The other night I watched a film I hadn’t seen since those precious late-undergrad years when I wrote a paper on it for my German Cinema class: Alice in the Cities, the second full-length feature (after The Goalie’s Anxiety at the Penalty Kick) by Wim Wenders, from 1974.
I went into it with apprehension, unsure if time or my own aging would do the movie good or harm. But there was no reason to worry—it’s a wonderful film.
The storyline is simple enough. Philip Winter, a German writer who’s spent 4 weeks driving from California to New York to write an article, is going home. He’s nearly broke, and has just been bawled out by his boss because after 4 weeks, already past his deadline, he’s got a box full of Polaroids but nothing written. Then, at the PanAm office he befriends a German woman also heading home, leaving her husband in New York and taking their 9 year old daughter, Alice.
The mother takes to Winter, and tells him how distraught her husband is about her leaving. She lets him stay at their hotel the night before the flight (which can only get them to Amsterdam due to a German airport-workers’ strike), and in the morning he wakes to a note asking him to bring Alice to the top of the Empire State Building at 1pm, where she’ll meet them after she’s done talking again to her husband.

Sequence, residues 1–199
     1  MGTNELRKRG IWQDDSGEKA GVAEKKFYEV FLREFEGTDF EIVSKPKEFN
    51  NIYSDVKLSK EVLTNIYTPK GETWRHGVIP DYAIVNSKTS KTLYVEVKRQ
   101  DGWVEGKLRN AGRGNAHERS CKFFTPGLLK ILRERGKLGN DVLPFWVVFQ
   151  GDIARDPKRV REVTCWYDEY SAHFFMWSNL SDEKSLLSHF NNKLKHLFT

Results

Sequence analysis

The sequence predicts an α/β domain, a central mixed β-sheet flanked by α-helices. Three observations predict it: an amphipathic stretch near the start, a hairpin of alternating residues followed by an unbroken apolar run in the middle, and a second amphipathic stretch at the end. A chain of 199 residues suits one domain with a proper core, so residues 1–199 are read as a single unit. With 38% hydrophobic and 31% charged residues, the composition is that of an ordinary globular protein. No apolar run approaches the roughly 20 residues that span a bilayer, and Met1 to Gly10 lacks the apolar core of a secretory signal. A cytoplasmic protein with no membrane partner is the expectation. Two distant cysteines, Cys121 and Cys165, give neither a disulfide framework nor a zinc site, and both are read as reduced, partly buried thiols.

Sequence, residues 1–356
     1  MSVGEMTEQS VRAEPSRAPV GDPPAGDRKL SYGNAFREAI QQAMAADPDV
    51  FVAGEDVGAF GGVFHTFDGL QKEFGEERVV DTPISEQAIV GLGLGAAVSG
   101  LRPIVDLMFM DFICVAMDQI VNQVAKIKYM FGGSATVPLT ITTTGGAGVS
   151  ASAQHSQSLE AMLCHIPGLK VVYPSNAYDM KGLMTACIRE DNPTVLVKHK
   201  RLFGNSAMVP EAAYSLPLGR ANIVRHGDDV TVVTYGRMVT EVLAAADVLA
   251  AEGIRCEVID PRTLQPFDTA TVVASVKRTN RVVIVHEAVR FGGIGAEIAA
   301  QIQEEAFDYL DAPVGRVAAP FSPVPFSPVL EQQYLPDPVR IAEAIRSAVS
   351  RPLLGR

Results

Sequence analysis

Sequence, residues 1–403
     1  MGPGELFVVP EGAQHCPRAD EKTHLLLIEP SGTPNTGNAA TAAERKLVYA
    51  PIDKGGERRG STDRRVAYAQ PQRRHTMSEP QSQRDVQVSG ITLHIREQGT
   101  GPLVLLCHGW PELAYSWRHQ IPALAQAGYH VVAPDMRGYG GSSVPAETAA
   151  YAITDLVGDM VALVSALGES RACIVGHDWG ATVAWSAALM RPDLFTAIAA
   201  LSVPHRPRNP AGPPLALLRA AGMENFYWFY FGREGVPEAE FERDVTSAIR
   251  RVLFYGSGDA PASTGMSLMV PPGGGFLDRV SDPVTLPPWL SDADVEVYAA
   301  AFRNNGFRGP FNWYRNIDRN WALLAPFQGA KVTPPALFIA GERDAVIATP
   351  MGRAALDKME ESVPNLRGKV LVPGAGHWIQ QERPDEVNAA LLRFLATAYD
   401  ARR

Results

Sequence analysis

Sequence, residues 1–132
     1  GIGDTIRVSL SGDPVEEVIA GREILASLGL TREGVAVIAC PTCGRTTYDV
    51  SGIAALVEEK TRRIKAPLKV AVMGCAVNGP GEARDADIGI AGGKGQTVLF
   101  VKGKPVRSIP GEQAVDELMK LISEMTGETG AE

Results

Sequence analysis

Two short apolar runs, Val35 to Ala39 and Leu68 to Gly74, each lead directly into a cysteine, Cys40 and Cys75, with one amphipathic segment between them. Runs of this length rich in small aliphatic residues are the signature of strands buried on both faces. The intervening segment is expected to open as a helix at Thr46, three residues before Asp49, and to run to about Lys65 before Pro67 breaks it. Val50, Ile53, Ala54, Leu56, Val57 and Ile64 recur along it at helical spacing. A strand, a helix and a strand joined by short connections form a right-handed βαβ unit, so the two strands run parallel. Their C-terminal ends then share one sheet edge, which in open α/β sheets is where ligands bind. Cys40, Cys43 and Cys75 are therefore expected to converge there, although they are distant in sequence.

Of course, she doesn’t make that meeting, and when they get back to the hotel she’s checked out, leaving a note that she’ll meet them in Amsterdam a day late.You can see where the story is going. Winter, a loner, finds himself in charge of this precocious child, going with her to Amsterdam, and then on a trek to find the girl’s grandmother in a town the girl can’t remember. It’s the relationship between the two (and the wonderful performance by the young Yella Rottländer) that keep this story moving so beautifully along.